https://www.npr.org/2020/07/31/896882268/one-mans-covid-19-death-raises-the-worst-fears-of-many-people-with-disabilities

    https://www.forbes.com/sites/sfrost/2020/07/06/deadly-discrimination/#6eebb29a2b93

    https://www.dailymail.co.uk/news/article-8487799/Death-rates-people-learning-disabilities-autism-DOUBLED-Covid-19-crisis.html

    1. Also, the Arizona detention center situation shows that young people can spread it on the bus.

      https://www.azmirror.com/2020/07/08/covid-19-outbreaks-in-az-child-detention-centers-worry-advocates/

      And, foster care is one of those groups that states are deciding about and some states they won’t be able to be homeschooled and that might be good since most of them never learn to read or write and are statistically likely to end up homeless.

      https://www.azcentral.com/story/news/local/arizona-child-welfare/2020/07/29/arizona-foster-kids-must-attend-school-in-person-department-child-safety-says/5448118002/

  12. I have been worried about the school year, but I guess we are going to get scientific answers about COVID.

    Bexar County, Florida, Utah, North Carolina, Georgia.

    We will know soon how well kids get it and how much they spread it to teachers and principals and to their parents and grandparents.

    Many of the teachers that I know are not following it even.

    They just feel like the kids are pretty safe and they want to be back in the classrooms rather than online.

    Two of them are special ed teachers and they worry about the autistic kids being at home too long where I worry about the disabled kids being twice as likely to die.

    I don’t know if I will turn out to be right. I just hate that as a society we can’t have a more civilized discussion of these things.

  13. I think that these organisations have a voluntary code which requires social media to remove false claims about covide ‘cures’. It seems like a good idea given the number of myths, crackpot claims and claims made without credible evidence regarding eg cancer. Covid 19 also appears to have drawn out quacks, cranks and crackpots in the thousands. We’ll probably never know how many people have died because of such misinformation.

    The video you refer to appears to have been of the crackpot variety.
    https://www.ctvnews.ca/health/coronavirus/social-media-giants-remove-viral-video-with-false-coronavirus-claims-that-trump-retweeted-1.5043342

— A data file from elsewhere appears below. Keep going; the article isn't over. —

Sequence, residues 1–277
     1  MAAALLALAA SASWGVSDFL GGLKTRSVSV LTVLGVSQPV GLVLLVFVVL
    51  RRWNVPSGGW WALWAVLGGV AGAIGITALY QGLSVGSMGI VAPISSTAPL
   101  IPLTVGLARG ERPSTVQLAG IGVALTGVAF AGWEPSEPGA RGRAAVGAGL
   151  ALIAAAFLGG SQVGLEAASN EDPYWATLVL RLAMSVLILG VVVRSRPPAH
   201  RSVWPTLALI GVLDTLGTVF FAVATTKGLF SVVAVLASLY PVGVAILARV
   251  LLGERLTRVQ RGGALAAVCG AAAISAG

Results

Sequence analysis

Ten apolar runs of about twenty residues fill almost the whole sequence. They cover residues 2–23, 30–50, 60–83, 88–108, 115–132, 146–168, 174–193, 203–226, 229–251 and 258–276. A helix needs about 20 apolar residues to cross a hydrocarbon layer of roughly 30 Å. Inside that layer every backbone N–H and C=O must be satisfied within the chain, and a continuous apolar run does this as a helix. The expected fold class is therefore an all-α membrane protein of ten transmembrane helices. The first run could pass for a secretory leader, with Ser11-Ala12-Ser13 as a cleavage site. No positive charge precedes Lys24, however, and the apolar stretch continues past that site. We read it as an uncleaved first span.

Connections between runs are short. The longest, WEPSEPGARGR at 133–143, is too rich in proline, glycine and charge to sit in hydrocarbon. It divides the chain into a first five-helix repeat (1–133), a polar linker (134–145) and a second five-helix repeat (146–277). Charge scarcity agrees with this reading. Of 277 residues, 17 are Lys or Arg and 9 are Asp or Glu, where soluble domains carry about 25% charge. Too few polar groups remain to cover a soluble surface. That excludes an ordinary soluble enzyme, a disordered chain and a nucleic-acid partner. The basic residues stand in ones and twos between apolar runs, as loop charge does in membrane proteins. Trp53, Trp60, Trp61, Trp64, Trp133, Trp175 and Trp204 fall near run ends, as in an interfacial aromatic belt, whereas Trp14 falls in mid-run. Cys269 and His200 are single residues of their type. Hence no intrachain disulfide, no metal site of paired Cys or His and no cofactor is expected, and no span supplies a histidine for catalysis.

1. Not sure why this is here. It was intended as a response to Darwin’s earlier post expressing concern about censorship.

  14. Anica,

    I’m assuming your referring to this study https://pubmed.ncbi.nlm.nih.gov/21716260/ ? Keep in mind that they were using a receptor stimulator, not vitamin d per se. There are other suggestive studies such as the one at: https://academic.oup.com/ndt/article/33/12/2139/4985804 which suggested that increased vitamin d has a negative direct effect on eGFR.

    There are toxicity levels that can be achieved with excessive vitamin d and influence the kidneys. A singular patient based outcry from Canada, https://www.medscape.com/viewarticle/911444 is an extreme example. Keep in mind that the subject was not repeatedly tested and took an excessive amount of vitamin d supplementation for years, then coupled with extensive sun exposure in south east Asia.

    The take home message should be that regular testing and using an appropriate amount of vitamin d is both prudent and different for each of us. There is no one level that is consistent for any population given the multitude of variations, genetically, dietarily, or via exposure.

    Dr. Alan Kadish moderator for Dr. Greger http://www.Centerofhealth.com

  15. Dr, Greger, have you seen fat fiction? I would appreciate a response to the poorly and half truth support in this movie focused on the benefits of the Keto diet!!!

    1. In my opinion, the only thing we have to remember is that well founded high quality studies demonstrate that an animal based keto diet increases the risk of premature death by 31%. Unless I’m missing something, I can’t think of ANY possible purported benefit of a keto diet that would outweigh the risk of death.

  16. I ended up looking up racism and teachers and clinicians turning in minorities for abuse and neglect at a different level, even when there are similar circumstances and similar injuries.

    It turns out that I am not the only one thinking that we end up turning parents into criminals and have it become harder for them to find jobs and we probably are culturally-biased and racially biased and have different concepts of raising children and of what is neglect and what is abuse and what is disciplining children, etc.

    I ended up finding some interesting articles and what I am going to say is that mandated reporting is similar to the police in dealing with the black communities. What are we going to do? And the answer is that with police, we don’t back up to the training and methods of policing that the officers are taught to use and we don’t back up to the laws themselves. Do we want people arrested and have their lifetime of working and parenting affected by the rules being designed by whites who have things that maybe are biased against minority cultures in the first place? I already know that when talk about the terrifying failure of foster care, people will end up fixing that and not backing up and help the families. Fixing prisons, but not backing up to the fact that the prisons are where poor people and foster children and homeless people and PTSD vets ALSO end up, along with the prisoners. They go there sometimes on purpose because they can’t find jobs or food or because a child wants to be with their parent who is imprisoned. Sometimes for piddly stupid things. Sometimes for addiction. Sometimes for mental illness. Sometimes for stealing diapers. (Yes, that is a real one) Mostly, they are poor and don’t have safe housing or earning potential and they also lack education, lack discipline because they never learned discipline, have things like insulin resistance causing them to be passive and have learned helplessness from institutionalization.